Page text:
Back to Work

This week, I’ve been back to work. We had a really good freshmen convocation, with a great faculty speaker who talked to the students about frontal cortexes and brought in a real human brain to show them while she talked about it!

On Saturday, I accompanied the Honors students to DC United, which is the Major League Soccer team that plays in DC. They ended up having extra tickets, so the whole family got to go! We sat in the supporters section, where they throw confetti and bang on a drum and do chants and people swing their scarves, and unroll flags, and more. The bleachers shake for a good part of it. Seamus is a little sensitive to noise, so we went for a walk to find our friends who were on the other side of the stadium. We hung out with them for a while, because it was much calmer there, and Seamus enjoyed playing with their two-year-old. He’s very interested in playing with kids younger than he is because he can draw them into games, like tap each other on the head, that Gilbert’s just not into.

Back to the point though. Soccer is a rough game! Most of the players weren’t older than about 30, with most of them being between 21-25, an age at which their frontal cortexes haven’t fully developed, as I learned at faculty convocation. And yet, here they are, getting hit, or hitting if you prefer, with a ball in the frontal cortex regularly. Now, I don’t mean to be circular, but the frontal cortex determines rational decision making and risk assessment (as I also learned at faculty convocation), so my question is soccer damaging their ability to think rationally so they keep playing or is their ability to think rationally already damaged, so they go for these big hits? It was a beautiful night to be out, and as my friend said, they don’t keep going when it’s a tie. They just stop when the time’s up.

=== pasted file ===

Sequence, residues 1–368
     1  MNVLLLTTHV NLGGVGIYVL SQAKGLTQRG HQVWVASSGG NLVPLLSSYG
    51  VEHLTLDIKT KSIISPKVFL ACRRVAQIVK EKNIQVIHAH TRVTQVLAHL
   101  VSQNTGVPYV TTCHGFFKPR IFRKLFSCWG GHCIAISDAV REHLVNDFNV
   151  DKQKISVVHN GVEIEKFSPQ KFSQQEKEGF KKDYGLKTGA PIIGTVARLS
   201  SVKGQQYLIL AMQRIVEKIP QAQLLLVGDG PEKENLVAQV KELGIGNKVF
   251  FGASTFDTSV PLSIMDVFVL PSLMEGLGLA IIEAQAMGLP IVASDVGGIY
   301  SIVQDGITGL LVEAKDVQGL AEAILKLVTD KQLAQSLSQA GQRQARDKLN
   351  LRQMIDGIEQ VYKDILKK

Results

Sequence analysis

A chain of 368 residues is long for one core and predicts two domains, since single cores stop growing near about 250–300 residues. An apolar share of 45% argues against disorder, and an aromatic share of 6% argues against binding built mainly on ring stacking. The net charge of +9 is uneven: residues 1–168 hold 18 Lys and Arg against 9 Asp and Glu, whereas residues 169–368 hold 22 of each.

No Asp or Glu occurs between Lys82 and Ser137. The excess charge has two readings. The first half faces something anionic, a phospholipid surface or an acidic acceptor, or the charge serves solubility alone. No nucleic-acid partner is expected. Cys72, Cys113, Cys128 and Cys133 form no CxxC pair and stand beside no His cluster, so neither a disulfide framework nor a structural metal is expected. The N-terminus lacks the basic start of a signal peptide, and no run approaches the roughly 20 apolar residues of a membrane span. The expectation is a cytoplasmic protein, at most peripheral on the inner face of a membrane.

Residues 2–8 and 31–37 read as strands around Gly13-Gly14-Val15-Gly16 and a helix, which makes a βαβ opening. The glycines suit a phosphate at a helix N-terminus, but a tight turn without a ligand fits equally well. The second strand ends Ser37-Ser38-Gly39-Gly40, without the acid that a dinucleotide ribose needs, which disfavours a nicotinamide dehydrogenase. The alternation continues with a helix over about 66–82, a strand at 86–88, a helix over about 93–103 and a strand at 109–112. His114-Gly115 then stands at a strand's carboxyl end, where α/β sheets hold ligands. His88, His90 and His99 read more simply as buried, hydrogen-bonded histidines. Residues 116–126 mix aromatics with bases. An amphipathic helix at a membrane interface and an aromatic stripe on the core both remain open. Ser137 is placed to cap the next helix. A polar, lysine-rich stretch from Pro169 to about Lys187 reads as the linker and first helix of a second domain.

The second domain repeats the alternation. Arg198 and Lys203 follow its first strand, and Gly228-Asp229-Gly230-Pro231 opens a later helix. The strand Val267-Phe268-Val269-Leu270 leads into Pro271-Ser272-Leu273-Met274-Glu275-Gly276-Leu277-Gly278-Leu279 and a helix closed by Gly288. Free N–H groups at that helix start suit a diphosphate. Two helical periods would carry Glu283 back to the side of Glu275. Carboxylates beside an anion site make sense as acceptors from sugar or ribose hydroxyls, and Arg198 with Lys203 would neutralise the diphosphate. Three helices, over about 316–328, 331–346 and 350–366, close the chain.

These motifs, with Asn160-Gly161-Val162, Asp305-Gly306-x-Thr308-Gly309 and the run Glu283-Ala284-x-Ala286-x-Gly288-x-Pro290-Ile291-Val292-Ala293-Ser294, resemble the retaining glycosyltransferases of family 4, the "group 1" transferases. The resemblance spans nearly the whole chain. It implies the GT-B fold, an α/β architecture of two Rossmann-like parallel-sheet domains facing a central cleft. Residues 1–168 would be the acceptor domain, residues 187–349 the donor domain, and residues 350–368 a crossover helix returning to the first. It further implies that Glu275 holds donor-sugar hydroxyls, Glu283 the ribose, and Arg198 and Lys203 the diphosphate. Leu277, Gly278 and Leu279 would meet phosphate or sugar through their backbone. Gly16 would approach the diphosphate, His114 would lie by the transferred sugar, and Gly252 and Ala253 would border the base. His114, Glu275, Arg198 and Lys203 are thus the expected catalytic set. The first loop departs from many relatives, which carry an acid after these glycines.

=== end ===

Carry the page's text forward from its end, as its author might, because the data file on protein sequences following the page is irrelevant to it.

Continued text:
Yesterday, I was all dressed in my first day of classes clothes, and the boys were sitting eating breakfast at the kitchen table. I said, “Bye, guys, I’m going to work.” Gilbert, in his silly, high-pitched voice, “Mommy, can I give you a hug and a kiss good-bye?” and he held out his little yogurt covered hands and puckered his yogurt covered lips. So I gave him my arm to hug and kiss. He was satisfied.

My students were great yesterday. I met both classes, and there was a nice moment when a student said, “This looks like a lot of work, but I’m really excited to read The Feminine Mystique!” So, I’ll say the semester is off to a good start.


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